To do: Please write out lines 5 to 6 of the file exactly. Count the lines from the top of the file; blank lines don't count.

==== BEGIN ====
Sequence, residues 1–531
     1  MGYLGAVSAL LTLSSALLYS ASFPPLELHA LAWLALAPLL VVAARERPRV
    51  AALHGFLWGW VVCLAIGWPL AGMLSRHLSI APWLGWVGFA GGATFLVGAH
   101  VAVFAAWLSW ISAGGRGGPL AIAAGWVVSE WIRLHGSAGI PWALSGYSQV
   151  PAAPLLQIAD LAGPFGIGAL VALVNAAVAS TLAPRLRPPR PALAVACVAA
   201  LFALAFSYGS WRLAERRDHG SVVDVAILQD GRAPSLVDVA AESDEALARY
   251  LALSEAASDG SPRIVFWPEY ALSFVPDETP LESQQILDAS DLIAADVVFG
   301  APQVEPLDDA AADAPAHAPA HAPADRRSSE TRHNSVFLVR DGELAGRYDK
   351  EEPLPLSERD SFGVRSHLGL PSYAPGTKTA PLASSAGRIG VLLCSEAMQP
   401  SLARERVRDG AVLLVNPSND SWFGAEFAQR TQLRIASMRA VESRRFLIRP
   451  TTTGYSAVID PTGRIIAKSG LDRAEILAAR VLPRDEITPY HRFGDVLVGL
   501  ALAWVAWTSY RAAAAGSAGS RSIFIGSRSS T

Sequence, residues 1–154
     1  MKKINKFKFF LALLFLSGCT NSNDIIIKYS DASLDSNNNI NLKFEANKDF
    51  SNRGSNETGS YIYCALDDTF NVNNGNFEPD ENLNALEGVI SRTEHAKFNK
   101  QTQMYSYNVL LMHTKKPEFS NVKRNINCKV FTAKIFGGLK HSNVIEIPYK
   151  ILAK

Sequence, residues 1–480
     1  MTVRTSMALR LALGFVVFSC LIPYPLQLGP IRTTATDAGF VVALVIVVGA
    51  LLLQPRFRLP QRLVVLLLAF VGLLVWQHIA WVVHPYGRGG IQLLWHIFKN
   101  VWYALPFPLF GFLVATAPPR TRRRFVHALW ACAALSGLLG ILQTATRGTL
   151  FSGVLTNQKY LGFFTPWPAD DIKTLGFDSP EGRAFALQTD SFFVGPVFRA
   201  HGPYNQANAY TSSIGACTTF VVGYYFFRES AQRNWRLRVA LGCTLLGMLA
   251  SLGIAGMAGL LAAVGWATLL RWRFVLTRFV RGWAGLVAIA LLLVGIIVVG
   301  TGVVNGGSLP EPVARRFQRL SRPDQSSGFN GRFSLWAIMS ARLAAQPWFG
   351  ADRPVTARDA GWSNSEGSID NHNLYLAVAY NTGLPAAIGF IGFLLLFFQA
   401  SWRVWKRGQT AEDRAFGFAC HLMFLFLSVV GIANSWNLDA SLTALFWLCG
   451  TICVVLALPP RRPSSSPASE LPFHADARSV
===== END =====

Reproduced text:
   151  PAAPLLQIAD LAGPFGIGAL VALVNAAVAS TLAPRLRPPR PALAVACVAA
   201  LFALAFSYGS WRLAERRDHG SVVDVAILQD GRAPSLVDVA AESDEALARY